General Assembly Of North Carolina Session 2011
House Resolution 19-Second Edition Page 3(b) When a member desires to interrupt a member having the floor, the member1shall first obtain recognition by the Speaker and permission of the member occupying the floor,2and when such recognition and permission have been obtained, he or she may propound a3question to the member occupying the floor; but he or she shall not otherwise interrupt the4member having the floor, except as provided in subsection (c) of this rule; and the Speaker5shall, without the point of order being raised, enforce this rule.6(c) A member who has obtained the floor may be interrupted only for the7following reasons:8(1) A request that the member speaking yield for a question,9(2) A point of order,10(3) A parliamentary inquiry, or11(4) A question of privilege.12RULE 8.
Questions of Privilege.
Upon recognition by the Speaker for that13purpose, any member may speak to a question of privilege for a time not to exceed three14minutes. Questions of privilege shall be those affecting, first, the rights of the House15collectively, its safety, dignity, and the integrity of its proceedings; second, the rights,16reputation, and conduct of members, individually, in their representative capacity only; and17shall have precedence over all other questions, except motions to adjourn. Privilege may not be18used to explain a vote or debate a bill. The Speaker shall determine if the question is one of 19privilege and shall, without the point of order being raised, enforce this rule.20RULE 9.
Points of Order.
(a) The Speaker shall decide questions of order and21may speak to points of order in preference to other members arising from their seats for that22purpose. Any member may appeal from the ruling of the chair on questions of order; on such23appeal no member may speak more than once, unless by leave of the House. A three-fifths vote24of the members present shall be necessary to sustain any appeal from the ruling of the chair.25(b) When the Speaker calls a member to order, the member shall be seated,26except that a member called to order may clear a matter of fact, or explain, but shall not27proceed in debate so long as the decision stands. If the member appeals from the ruling of the28chair and the decision by a three-fifths vote of the members present be in favor of the member29called to order, the member may proceed; if otherwise, the member shall not; and if the case, in30the judgment of the House, requires it, the member shall be liable to censure by the House.31RULE 10.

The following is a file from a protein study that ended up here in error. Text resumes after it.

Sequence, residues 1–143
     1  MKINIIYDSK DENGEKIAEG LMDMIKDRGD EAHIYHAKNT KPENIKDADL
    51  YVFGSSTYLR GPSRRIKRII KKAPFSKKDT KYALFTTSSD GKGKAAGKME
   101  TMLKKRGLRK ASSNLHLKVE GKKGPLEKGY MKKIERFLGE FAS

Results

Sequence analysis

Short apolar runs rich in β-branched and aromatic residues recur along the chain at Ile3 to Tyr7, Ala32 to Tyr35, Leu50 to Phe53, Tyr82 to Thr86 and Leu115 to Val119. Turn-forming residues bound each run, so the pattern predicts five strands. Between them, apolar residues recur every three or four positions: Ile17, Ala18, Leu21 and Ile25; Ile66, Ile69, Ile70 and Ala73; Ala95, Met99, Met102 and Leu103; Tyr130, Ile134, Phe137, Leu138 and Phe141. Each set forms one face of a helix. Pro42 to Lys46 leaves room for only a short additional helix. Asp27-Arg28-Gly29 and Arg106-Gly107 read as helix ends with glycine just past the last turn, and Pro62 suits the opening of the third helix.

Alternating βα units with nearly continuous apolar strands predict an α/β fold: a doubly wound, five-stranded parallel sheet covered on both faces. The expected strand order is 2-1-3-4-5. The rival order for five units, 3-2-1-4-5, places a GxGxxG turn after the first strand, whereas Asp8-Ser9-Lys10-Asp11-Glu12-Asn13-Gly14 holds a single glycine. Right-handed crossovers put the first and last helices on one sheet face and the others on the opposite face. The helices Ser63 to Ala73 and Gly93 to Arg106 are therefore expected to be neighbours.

Limitations on Debate.
(a) No member shall speak on, debate, or32solicit cosponsors for a bill or resolution at its first reading.33(b) No member shall speak more than twice on the main question nor longer34than 15 minutes for the first speech and five minutes for the second speech; nor shall the35member speak more than twice upon an amendment or motion to reconsider, re-refer, appeal,36or postpone or any motion on concurrence, and then not longer than 10 minutes for the first37speech and five minutes for the second speech.38(c) A member may speak only once and for not more than 10 minutes on the39question of the adoption of a minority report.40(d) In computing the time allowed for argument, the time consumed in41answering questions should be considered and is taken out of any time allowed that member.42(e) The House, by consent of a majority of the members present, may suspend43the operation of subsections (b) through (d) of this rule during any debate on any particular44question before the House.45RULE 11.
Reading of Papers.
When there is a call for the reading of the text of a46paper which has been presented to the House and there is objection to such reading, the47question shall be determined by a majority vote of the members of the House present. Except48for protests permitted by the Constitution, no member may have material printed in the Journal49until said material has been presented to the House and the printing approved by the House, and50said material shall not exceed 1,000 words.51